1 (of the ’766 patent). A system for locating, identifying and/or tracking of an object, the system comprising:
a first transponder associated with the object;
a reader that is configured to receive first transponder data via a radio frequency (RF) signal from the first transponder;
an antenna in communication with the reader and having a first coverage area;
a processor coupled to the reader, wherein the processor is configured to receive the first transponder data from the reader and to generate detection information based on the received first transponder data, the detection information comprising first sighting and last sighting of the first transponder in the first coverage area; and
a storage device that is configured to store the detection information.
49 (of the ’089 patent). A system for locating, identifying, and/or tracking of at least one object, said system comprising:
a transponder affixable to the object, the transponder associated with a transponder identification (ID);
a reader for detecting a transponder ID;
an antenna for communicating radio frequency (RF) signals between said reader and said transponder, the RF signals including the transponder ID;
a storage device for storing known transponder IDs and detection information associated with the stored known transponder IDs, wherein the detection information indicates whether the stored known transponder ID has been previously detected by the system; and
a processor for comparing the known transponder IDs stored in said storage device with the detected transponder ID, and determining whether the detected transponder ID is a detected known transponder ID based on the comparison of the known transponder IDs with the detected transponder ID.
Appeal from the United States District Court for the Northern District of Georgia in No. 1:15-cv-04348-WSD, Judge William S. Duffey, Jr.
Abstract Idea: Yes
The Federal Circuit confirmed the district court’s Step One determination that “the claims are directed to an abstract idea under Alice step one.” In explanation, the opinion states:
“[O]ur concerns lie with [Patentee]’s portrayal of the breadth of the representative claims.”
* * * * * * * * * * * *
The claim does not recite any ‘particular configuration’ or specialized arrangement of the RFID system components. It does not specify the relative location of the claimed components. It only requires a single antenna, and does not specify a particular configuration for the antenna to achieve the allegedly more systematic determination of the location, identity, and movement of the transponders . . . At oral argument, [Patentee] even conceded that all RFID antennas have coverage areas, and that the claimed antenna in representative claim 1 does not differ from conventional RFID antennas in that regard. Oral Arg. at 6:23–50. For these reasons, we conclude that claim 1 of the ’766 patent is directed to an abstract idea under Alice step one.
As to the second representative claim, claim 49 of the ’089 patent, [Patentee] concedes that it does not claim a ‘coverage area.’ Oral Arg. at 6:23–50. Nor does claim 49 recite any additional elements beyond those found to be directed to an abstract idea under our analysis of claim 1 of the ’766 patent. We thus conclude that claim 49 is also directed to an abstract idea under Alice step one.”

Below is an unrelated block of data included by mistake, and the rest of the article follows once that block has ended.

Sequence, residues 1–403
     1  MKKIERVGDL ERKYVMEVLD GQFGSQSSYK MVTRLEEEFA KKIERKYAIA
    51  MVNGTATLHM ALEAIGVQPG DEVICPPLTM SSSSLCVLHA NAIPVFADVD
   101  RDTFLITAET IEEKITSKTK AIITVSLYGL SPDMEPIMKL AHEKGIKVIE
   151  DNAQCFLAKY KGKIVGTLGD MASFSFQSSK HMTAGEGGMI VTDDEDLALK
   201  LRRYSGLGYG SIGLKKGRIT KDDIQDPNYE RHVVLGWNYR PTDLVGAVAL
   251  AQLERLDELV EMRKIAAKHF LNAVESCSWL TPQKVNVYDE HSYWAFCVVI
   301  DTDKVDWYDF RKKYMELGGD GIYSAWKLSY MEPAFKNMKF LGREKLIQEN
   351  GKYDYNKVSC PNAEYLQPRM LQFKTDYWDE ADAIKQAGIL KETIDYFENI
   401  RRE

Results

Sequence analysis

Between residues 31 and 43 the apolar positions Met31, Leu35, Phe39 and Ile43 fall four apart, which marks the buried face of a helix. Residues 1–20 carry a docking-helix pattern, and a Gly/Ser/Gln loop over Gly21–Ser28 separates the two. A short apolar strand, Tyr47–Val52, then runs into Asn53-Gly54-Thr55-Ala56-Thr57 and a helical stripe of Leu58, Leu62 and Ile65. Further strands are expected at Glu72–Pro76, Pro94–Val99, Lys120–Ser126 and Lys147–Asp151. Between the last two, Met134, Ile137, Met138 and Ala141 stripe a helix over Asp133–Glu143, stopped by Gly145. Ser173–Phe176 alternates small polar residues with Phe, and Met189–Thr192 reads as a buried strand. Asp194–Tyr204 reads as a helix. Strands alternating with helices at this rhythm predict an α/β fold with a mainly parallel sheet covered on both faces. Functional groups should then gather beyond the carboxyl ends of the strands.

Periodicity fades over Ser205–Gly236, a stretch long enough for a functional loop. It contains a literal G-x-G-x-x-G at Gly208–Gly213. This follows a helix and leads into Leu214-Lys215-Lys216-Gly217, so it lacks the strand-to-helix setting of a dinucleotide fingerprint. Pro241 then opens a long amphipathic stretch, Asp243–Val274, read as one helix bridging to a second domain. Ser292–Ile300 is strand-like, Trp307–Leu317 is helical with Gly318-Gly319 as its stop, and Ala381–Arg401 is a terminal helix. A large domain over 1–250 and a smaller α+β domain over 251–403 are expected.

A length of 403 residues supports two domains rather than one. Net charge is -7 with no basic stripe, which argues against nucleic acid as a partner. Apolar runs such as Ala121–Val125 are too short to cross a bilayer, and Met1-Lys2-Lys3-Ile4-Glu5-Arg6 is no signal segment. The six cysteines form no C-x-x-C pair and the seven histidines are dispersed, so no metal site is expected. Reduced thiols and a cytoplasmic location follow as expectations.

Something More: No
The Federal Circuit also confirmed the district court’s Step Two determination that “the asserted claims do not possess an inventive concept sufficient to confer patent eligibility” because (1) the claims do not use the conventional components in a non-conventional combination; and (2) although whether a claim element is conventional is a question of fact, neither the complaint nor specification allege that the components in the claims are anything but conventional. In explanation, the opinion states:
“Our analysis of the representative claims here uncovers no inventive concept in the individual claim limitations or their ordered combination. The representative claims are quite broad, reciting uses of RFID system components recognized in the specification to be routine and conventional. The claims do not use these conventional RFID components in a non-conventional combination or arrangement. Instead, the claims merely disclose collecting data from a particular source—RFID transponders—and analyzing that data.
[Patentee] argues that, at the time of the invention, RFID was a developing technology and that the district court erred in resolving a disputed fact question—whether the claims recite routine and conventional uses of an RFID system—in Coca-Cola’s favor. We have held that ‘whether a claim element or combination of elements is well-understood, routine and conventional to a skilled artisan in the relevant field is a question of fact.’ Berkheimer, 2018 WL 774096, at *5. Furthermore, we must accept all plausible factual allegations in [Patentee]’s complaint as true . . . But the complaint alleges nothing to support [Patentee]’s contention that RFID was a developing technology. See generally Am. Compl. Nor does the complaint allege that any of the hardware components in the representative claims—either alone or in combination as a system—are anything but well-understood, routine, and conventional.
Nor does the specification support [Patentee]’s contention that there is a factual dispute regarding whether the claims recite routine and conventional RFID components.”